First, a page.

My wife and I walked back to camp, mostly in silence.
It ain’t over ‘til it’s over, though. I had plans for Sunday, the next day. I’m a big Carolyn Gage fan so I caught the last Lesbian Tent Revival. Radical feminist Sister Carolyn did not disappoint, regaling us with a greatest hits presentation of her last few years of revivals. I love how she mixes intense dialogue with humor, always leaving us with a lot to consider. We ended with song and dance – the Hokey Pokey. Of course.
My body was pretty worn out from all the walking to and from our campsite over the past few days – a walk downtown took 20-25 minutes and I did it at least four times a day, sometimes with a heavy day pack. So on Sunday, I decided to wait on a shuttle. The first one along was a DART shuttle. Usually they’re already packed with DART women but this one was nearly empty. I asked the driver if I could get on and added that I’d get off if she filled up. She welcomed me on. After me boarded a woman about my age who stood beside me and commented, “Good, the windows are down so I can get some air.” She went on to explain that as a result of her time in the service, she’d returned with health issues that made exhaust and other smells extremely toxic to her. I commiserated about the sometimes smoky exhaust of the old buses. She talked about how very moving it was to march with the other veterans into the night stage bowl the night before. I’d seen them from afar and was glad they were there. I can’t remember how many there were – maybe twenty – some dressed in uniform. I thought about my dad, an Air Force vet, and my two brothers who joined the Army because as working class kids, they didn’t have much of an option. It was either McDonalds or the service. She and I talked about class issues and tears came to her eyes as she told me about the hurtful protest by some of the women at the festival. One woman had a sign saying that she supported the vets but not what they did. “She had a right to hold that sign,” the vet commented, but it still hurt her. Women surrounded the veterans group to protect them. My fellow shuttle rider told me that she was grateful to the VA for sending her through college, a privilege she would not have otherwise afforded. I sympathized. I wish I could’ve been there the previous night. I’m a peace activist but I can see both sides.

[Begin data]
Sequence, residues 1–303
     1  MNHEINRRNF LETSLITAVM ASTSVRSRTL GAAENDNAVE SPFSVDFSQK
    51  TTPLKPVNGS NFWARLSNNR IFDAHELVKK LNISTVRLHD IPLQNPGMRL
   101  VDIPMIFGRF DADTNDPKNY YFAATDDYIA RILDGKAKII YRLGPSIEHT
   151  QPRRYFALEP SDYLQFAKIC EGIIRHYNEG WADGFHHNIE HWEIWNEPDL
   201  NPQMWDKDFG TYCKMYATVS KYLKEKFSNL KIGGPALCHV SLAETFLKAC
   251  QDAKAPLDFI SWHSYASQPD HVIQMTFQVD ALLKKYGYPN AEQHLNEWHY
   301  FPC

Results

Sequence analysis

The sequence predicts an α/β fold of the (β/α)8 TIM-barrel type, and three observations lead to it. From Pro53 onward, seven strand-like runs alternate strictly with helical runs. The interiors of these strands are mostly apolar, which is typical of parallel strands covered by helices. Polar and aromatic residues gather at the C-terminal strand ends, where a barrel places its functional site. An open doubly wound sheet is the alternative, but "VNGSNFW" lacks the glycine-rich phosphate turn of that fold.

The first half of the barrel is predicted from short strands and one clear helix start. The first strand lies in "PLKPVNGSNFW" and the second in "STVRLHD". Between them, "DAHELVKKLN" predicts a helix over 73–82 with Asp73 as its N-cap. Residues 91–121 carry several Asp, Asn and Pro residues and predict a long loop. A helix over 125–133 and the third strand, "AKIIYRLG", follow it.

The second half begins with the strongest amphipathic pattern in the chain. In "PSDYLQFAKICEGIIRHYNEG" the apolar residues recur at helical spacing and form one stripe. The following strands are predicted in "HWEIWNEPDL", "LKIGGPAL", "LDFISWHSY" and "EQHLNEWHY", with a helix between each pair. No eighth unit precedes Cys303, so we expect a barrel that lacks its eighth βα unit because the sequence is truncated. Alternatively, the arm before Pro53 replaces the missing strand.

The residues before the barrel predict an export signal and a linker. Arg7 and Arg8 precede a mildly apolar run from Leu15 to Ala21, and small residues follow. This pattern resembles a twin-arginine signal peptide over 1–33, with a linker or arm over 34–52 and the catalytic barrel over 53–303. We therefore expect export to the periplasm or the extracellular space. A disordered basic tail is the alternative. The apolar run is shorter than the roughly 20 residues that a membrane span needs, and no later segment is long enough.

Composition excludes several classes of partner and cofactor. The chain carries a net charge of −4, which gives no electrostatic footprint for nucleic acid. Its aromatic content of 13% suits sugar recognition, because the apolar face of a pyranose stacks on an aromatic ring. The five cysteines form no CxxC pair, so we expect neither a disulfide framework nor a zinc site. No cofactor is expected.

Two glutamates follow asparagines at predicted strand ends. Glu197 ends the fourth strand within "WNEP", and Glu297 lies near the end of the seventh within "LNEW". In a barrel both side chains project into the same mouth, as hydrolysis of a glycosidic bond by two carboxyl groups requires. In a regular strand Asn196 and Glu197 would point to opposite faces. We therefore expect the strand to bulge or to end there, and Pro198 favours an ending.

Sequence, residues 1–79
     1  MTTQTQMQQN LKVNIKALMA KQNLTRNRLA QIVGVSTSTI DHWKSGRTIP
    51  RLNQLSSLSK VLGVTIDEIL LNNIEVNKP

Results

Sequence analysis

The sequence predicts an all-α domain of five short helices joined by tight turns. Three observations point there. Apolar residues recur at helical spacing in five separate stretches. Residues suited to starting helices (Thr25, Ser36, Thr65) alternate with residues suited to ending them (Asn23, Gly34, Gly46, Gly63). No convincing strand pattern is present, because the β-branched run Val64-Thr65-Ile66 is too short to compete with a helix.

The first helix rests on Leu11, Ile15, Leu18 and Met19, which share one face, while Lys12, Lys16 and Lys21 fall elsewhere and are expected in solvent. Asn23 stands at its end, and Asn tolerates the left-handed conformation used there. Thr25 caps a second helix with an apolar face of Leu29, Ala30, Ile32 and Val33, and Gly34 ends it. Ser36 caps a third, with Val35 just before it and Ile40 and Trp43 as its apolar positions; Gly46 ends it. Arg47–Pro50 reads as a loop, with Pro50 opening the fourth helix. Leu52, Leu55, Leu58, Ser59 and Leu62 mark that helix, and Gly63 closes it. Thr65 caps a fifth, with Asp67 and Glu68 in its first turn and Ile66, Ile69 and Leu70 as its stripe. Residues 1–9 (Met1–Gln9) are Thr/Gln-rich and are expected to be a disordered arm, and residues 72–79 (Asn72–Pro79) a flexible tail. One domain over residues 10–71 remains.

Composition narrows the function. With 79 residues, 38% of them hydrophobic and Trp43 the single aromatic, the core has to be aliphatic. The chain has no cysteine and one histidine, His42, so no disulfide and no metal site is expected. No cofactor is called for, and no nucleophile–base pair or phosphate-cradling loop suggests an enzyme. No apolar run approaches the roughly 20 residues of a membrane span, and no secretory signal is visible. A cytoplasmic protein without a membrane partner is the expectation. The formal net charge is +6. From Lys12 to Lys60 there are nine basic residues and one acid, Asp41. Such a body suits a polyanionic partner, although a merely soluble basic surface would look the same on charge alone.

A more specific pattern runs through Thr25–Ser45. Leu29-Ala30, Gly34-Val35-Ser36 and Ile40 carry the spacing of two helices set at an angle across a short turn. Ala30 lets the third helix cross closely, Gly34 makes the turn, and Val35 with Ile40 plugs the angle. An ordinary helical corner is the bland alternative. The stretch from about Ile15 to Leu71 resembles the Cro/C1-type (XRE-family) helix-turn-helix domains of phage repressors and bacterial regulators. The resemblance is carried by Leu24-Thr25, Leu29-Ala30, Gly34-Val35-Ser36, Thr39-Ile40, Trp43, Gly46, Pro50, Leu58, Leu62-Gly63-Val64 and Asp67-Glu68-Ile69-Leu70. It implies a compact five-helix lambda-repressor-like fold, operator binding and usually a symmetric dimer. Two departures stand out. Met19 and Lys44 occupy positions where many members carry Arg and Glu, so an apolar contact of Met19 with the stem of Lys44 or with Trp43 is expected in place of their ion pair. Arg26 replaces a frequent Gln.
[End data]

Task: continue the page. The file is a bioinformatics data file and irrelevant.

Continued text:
This was an example of some of the intense feelings swirling around at this festival. I heard discussions about everything from trans inclusion to why it’s hard to find women to date as you get older. The latter discussion happened during a meal. I commented that when you’re older, it seems that the dating pool consists mostly of women who have undealt issues. A friend laughed and added, “I don’t know if I’m in that group or just unlucky enough to be in the other group.”
There was so much I didn’t make it to – workshops, music and just seeing friends I hoped to hang with. Better to be too busy, I suppose, then the other way around.
Sunday afternoon I had another shift at Goldenrod. With the comedy stage burbling in the background, I helped women with their CD purchases. So much great music, so little time.
Many women were looking forward to the Sunday night candlelight ceremony at the acoustic stage, the last scheduled festival event. While I’ve performed in that concert in previous years, I decided not to ask this year. I’m not a spiritual person although organizer Ruth Barrett has always welcomed me. I knew I couldn’t be in the audience either because, as I mentioned in part one, I’d probably burst out in a fit of giggles, especially when it came time to clap and we were only allowed to hum. Like other spiritual happenings, I totally support it and know why women, including my wife, need it. It’s just not my thing.